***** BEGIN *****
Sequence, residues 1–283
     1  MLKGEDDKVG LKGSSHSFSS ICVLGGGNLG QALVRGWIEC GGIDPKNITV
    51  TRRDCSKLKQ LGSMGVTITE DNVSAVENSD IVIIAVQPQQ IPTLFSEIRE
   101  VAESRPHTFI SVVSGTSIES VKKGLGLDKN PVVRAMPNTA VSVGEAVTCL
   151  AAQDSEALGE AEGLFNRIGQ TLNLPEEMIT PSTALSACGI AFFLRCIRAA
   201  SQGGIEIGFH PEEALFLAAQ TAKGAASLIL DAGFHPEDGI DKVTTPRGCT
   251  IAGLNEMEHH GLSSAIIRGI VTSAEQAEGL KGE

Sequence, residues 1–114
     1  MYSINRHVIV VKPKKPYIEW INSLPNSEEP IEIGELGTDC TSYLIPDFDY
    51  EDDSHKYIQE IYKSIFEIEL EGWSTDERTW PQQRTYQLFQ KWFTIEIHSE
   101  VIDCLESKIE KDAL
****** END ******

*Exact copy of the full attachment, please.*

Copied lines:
Sequence, residues 1–283
     1  MLKGEDDKVG LKGSSHSFSS ICVLGGGNLG QALVRGWIEC GGIDPKNITV
    51  TRRDCSKLKQ LGSMGVTITE DNVSAVENSD IVIIAVQPQQ IPTLFSEIRE
   101  VAESRPHTFI SVVSGTSIES VKKGLGLDKN PVVRAMPNTA VSVGEAVTCL
   151  AAQDSEALGE AEGLFNRIGQ TLNLPEEMIT PSTALSACGI AFFLRCIRAA
   201  SQGGIEIGFH PEEALFLAAQ TAKGAASLIL DAGFHPEDGI DKVTTPRGCT
   251  IAGLNEMEHH GLSSAIIRGI VTSAEQAEGL KGE

Sequence, residues 1–114
     1  MYSINRHVIV VKPKKPYIEW INSLPNSEEP IEIGELGTDC TSYLIPDFDY
    51  EDDSHKYIQE IYKSIFEIEL EGWSTDERTW PQQRTYQLFQ KWFTIEIHSE
   101  VIDCLESKIE KDAL